Premises licences and club premises certificates



Find out more about:

Do you buy alcohol for onward sale or supply from a UK wholesaler?

Any business buying alcohol from a UK wholesaler for onward supply to their customers will need to check that their wholesaler has been approved by Her Majesty's Revenue and Customs (HMRC) under the Alcohol Wholesaler Registration Scheme (AWRS). For further information see the HM Revenue and Customs factsheet.

Standard Conditions for Places of Public Entertainment and licences

Premises which held a 'Public Entertainment Licence' were subject to the 'Standard Conditions for Places of Public Entertainment'.

When these licences were converted to a 'Premises Licence' under the Licensing Act 2003, the 'Standard Conditions for Places of Public Entertainment' carried forward to the new licence unless a variation was granted to remove them.

If you would like a copy of these conditions, please contact us.

Will there be any Mandatory Conditions attached to my licence?

Yes, If you have the ‘sale’ or  ‘supply’ of alcohol on your premises licence or club premises certificate these mandatory conditions will be added to your licence.

Yes, If you have ‘an exhibition of a film’ on your premises licence or club premises certificate these Exhibition of films - mandatory conditions will be added to your licence.

When any new mandatory conditions become law, they will apply to your licence and will be enforceable even if they are not actually written on the licence.

Please see the Explanation of mandatory condition introduced on 6 April 2014.

Is there any information/guidance available on planning an event?

All events, including those in aid of charity, must meet recognised safety standards. An event organiser is responsible under the law for the safety of everyone at the event, including the public, employees and volunteers. Information and guidance on planning an event can be found on the Derbyshire Prepared website.

Will I need live music on my premises licence or club premises certificate?

On 1st October 2012 the Licensing Act 2003 was amended by the Live Music Act 2012.

From this date live music is suspended as regulated entertainment if:

  • there is a premises licence or club certificate permitting 'on sales'
  • the premises are open for the consumption on the premises
  • live music is taking place between 08.00 and 23.00

And  for:

  • if the live music is amplified the audience must consist of no more than 500.

Live music includes vocal and instrumental and karaoke singing.

The amendment also creates a general exemption that live unamplified music which takes place between 08.00 and 23.00, regardless of the size of the audience, shall NOT be classed as the provision of regulated entertainment.

Some specific types of premises or events hosted by certain organisations have other exemptions, these are outlined exemptions for premises licence and club premises certificates

What happens if more than 500 people attend a deregulated performance of dance and plays or more than 1000 attend an indoor sporting event?

This would be no longer deregulated activity and would require prior authorisation (for example a premises licence).

If my event includes two deregulated activities with different audience limits which audience limit must I comply with?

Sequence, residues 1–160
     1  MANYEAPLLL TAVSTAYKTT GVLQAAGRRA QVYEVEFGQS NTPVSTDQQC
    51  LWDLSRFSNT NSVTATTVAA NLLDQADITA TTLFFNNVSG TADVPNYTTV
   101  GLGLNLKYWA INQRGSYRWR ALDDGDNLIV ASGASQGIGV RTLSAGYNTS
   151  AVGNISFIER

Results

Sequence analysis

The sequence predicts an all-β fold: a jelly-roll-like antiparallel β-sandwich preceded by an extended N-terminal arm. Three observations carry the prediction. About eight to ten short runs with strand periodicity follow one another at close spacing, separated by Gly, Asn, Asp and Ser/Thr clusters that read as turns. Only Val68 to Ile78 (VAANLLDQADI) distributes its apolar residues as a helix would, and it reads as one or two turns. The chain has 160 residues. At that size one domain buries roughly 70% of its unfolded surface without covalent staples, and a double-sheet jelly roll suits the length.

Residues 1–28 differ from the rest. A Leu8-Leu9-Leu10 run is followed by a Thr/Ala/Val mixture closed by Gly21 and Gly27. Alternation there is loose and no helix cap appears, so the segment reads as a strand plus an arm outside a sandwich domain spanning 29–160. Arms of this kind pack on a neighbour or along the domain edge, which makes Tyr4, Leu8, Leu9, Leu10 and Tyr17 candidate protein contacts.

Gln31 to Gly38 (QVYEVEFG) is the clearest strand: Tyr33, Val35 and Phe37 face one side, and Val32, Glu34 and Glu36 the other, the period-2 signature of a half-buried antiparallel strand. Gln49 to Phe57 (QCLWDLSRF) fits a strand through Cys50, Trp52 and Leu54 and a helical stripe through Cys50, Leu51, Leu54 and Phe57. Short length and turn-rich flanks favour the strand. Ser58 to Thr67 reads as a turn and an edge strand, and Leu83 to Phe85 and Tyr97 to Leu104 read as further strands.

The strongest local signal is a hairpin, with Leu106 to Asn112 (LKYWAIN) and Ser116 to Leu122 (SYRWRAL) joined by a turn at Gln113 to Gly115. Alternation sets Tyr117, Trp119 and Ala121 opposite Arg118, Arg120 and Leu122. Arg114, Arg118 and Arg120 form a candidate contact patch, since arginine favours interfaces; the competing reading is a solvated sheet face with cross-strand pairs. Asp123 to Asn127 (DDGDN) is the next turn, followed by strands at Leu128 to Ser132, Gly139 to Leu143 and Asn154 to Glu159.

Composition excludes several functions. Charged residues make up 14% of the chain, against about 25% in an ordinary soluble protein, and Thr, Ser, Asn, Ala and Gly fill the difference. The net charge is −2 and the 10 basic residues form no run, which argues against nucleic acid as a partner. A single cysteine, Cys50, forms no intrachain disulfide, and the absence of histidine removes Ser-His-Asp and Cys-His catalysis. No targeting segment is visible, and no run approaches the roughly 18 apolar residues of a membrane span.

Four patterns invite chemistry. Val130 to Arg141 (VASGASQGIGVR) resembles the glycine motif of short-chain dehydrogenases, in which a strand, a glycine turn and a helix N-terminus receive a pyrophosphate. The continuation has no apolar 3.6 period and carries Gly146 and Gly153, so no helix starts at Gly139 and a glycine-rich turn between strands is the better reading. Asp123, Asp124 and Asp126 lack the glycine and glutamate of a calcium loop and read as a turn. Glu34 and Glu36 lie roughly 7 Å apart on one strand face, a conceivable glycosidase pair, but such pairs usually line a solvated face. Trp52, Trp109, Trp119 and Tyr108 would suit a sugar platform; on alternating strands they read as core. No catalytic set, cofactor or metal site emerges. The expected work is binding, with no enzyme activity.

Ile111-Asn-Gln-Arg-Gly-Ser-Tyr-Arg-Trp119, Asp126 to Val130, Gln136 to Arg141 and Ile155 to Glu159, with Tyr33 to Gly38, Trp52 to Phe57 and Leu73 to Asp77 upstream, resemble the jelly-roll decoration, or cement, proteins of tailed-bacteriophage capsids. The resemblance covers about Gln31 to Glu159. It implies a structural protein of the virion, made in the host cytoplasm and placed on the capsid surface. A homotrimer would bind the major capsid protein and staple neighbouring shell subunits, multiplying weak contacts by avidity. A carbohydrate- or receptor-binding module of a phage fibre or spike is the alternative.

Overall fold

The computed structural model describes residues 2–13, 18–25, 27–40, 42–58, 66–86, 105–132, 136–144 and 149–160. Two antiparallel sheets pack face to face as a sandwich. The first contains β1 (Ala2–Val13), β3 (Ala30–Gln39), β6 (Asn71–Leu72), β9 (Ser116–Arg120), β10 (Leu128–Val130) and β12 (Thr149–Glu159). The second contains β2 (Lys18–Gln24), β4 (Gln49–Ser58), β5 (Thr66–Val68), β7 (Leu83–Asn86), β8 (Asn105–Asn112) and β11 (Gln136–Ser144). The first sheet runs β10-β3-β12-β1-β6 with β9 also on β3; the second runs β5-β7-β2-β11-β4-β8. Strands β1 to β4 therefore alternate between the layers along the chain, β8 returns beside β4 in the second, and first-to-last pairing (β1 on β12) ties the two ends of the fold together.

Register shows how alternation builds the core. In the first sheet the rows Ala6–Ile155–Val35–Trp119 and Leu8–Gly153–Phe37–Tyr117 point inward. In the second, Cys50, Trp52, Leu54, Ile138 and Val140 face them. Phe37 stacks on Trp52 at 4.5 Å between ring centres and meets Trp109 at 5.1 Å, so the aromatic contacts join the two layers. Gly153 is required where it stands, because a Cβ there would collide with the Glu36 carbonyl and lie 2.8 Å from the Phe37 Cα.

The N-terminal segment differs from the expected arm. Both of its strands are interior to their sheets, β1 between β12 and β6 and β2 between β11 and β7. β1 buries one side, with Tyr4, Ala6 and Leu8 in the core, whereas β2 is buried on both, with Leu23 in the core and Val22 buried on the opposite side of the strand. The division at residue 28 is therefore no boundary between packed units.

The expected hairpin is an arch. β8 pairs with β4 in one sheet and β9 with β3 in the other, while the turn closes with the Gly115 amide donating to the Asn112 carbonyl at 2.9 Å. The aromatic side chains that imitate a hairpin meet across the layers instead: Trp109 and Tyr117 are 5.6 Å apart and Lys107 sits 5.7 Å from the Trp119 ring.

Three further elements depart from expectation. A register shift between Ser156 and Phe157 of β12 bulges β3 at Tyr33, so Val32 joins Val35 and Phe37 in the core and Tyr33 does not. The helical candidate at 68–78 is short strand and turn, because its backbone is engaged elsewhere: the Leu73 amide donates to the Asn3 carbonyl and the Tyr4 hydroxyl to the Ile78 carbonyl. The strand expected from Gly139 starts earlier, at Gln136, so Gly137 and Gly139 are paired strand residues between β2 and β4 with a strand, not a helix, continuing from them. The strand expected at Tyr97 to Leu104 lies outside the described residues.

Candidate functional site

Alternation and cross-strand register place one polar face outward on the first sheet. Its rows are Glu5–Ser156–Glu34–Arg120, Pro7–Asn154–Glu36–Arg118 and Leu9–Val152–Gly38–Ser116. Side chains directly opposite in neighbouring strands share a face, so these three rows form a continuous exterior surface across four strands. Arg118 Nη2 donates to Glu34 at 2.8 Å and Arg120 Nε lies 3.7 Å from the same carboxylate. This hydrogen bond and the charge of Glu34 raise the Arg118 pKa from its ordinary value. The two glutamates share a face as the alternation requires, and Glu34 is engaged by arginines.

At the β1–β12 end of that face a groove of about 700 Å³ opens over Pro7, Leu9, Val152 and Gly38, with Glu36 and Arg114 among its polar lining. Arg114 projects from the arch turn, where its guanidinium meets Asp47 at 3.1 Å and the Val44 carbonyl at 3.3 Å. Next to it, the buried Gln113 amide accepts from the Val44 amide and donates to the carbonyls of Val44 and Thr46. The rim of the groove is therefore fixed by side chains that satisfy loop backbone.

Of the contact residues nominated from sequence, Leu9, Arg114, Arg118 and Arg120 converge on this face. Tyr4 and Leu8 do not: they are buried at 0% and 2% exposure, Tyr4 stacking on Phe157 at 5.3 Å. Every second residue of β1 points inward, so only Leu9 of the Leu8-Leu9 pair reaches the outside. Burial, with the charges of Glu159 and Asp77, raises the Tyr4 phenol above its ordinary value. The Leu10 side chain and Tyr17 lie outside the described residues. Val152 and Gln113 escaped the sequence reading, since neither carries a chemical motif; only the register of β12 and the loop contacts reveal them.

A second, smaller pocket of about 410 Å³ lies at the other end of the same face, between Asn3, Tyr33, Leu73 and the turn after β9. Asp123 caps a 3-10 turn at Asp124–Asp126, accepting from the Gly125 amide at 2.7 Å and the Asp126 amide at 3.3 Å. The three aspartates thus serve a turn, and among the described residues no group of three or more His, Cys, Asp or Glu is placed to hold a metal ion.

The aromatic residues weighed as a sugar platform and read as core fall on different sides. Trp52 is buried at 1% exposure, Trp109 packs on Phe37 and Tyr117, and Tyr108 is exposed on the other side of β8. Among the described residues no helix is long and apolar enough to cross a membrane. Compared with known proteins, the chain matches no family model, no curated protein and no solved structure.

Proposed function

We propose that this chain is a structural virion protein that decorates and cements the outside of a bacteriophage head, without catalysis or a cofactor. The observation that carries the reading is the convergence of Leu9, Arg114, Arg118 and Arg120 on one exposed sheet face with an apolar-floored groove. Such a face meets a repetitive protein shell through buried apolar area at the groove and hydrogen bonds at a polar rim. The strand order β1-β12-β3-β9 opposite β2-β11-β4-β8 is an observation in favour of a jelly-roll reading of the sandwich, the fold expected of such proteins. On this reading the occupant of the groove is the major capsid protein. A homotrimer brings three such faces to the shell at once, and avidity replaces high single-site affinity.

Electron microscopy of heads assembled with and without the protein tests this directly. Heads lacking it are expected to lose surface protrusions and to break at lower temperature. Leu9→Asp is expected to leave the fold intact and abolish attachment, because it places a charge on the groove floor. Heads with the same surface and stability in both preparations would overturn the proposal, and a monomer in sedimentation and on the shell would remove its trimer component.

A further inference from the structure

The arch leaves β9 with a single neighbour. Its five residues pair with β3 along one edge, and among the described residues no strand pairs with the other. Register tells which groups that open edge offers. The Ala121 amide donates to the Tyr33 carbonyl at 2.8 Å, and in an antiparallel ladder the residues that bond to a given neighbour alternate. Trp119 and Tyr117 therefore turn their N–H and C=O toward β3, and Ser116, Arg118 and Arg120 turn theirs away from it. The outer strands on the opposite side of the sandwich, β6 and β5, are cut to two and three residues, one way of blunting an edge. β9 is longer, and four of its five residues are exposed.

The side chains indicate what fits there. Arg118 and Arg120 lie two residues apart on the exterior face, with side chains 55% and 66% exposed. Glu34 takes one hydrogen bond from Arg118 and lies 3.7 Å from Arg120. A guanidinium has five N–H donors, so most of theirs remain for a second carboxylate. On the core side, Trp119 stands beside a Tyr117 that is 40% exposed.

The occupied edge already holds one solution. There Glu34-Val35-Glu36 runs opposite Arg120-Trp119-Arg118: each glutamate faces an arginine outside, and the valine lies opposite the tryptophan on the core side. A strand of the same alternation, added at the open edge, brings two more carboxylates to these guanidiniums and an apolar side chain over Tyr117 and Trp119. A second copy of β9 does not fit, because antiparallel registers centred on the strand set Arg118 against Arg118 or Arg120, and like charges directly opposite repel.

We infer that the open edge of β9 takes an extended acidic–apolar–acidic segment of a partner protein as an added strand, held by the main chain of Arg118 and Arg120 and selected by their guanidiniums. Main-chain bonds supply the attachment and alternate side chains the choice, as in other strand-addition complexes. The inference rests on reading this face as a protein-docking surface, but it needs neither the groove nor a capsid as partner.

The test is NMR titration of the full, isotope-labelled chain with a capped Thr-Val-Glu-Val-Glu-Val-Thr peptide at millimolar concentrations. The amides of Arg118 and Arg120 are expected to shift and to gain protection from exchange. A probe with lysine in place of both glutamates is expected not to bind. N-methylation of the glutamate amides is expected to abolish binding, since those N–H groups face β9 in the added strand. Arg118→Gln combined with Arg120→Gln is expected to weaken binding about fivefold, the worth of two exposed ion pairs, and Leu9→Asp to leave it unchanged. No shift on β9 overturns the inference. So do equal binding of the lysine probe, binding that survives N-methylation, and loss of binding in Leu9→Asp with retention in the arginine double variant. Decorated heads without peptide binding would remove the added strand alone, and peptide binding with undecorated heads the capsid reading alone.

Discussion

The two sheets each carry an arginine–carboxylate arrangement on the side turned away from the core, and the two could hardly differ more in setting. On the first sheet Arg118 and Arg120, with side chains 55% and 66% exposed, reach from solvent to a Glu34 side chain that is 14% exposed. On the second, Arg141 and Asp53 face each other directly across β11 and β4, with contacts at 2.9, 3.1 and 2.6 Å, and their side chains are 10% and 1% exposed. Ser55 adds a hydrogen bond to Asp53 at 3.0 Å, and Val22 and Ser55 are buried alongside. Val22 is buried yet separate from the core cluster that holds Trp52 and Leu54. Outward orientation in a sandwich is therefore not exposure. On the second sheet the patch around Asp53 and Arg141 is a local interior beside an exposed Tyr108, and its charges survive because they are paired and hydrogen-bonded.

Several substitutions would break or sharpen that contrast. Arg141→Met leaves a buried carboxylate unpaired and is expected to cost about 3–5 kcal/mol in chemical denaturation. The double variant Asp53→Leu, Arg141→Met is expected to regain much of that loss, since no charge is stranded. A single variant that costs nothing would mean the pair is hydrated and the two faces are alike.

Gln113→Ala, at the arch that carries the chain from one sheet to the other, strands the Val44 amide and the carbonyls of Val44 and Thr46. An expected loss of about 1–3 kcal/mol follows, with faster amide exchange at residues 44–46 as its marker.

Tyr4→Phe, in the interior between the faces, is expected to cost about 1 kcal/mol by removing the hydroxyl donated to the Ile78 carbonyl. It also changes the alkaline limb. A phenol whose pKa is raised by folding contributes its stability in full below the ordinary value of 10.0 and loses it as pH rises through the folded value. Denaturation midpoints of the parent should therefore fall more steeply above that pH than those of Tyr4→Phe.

You must comply with the audience limits to the specific individual activities.

What happens if I anticipate an audience limit below the level at which I require a licence, but more people attend the event than expected?

An audience in excess of the limit would mean that the performance is a licensable activity. It would be an offence under the Licensing Act 2003 for such an event to continue without an appropriate licence. Where the organiser of an event can foresee that it might attract an audience of more than the prescribed limit and in circumstances where it may be difficult to restrict entry, then the event organiser should consider whether to obtain a licence, or giving a Temporary Event Notice, to avoid breaching licensing Laws.

Will local authorities check the numbers attending an event?

It would be up to organisers to determine how to ensure that audience numbers for their event do not exceed the maximum permitted. If an activity is licensable because the number of people in the audience exceeds statutory limits, it will be a criminal offence to carry on that activity without prior authorisation. You may need to apply for a premises licence or obtain a Temporary Event Notice.

Will deregulated events be safe for the public to watch?

Anyone involved in the organisation or provision of entertainment activities – whether or not any such activity is licensable – must comply with any applicable duties that may be imposed by other legislation for example crime and disorder, fire, health and safety, noise, nuisance and planning.

Objecting to licensing conditions and applications

If a premises has made a new licence application or wants to vary an existing licence and you are concerned about it, you may want to object. This process is called making a representation.

What can I make a representation about?

Under the Licensing Act 2003, representations may be made for:

  • a new Premises Licence
  • a variation of an existing Premises Licence
  • a new Club Premises Certificate
  • a variation of an existing Club Premises Certificate
  • review application of an existing Premises Licence or Club Premises Certificate
  • vary of DPS (Police only).

Who can make a representation about a licensing condition?

Responsible authorities such as:

  • Police
  • Fire and Rescue
  • Local Planning Authority
  • Enforcing agency for health and safety
  • Enforcing agency for weights and measures
  • Child protection agency
  • Local Health Board
  • Licensing Authority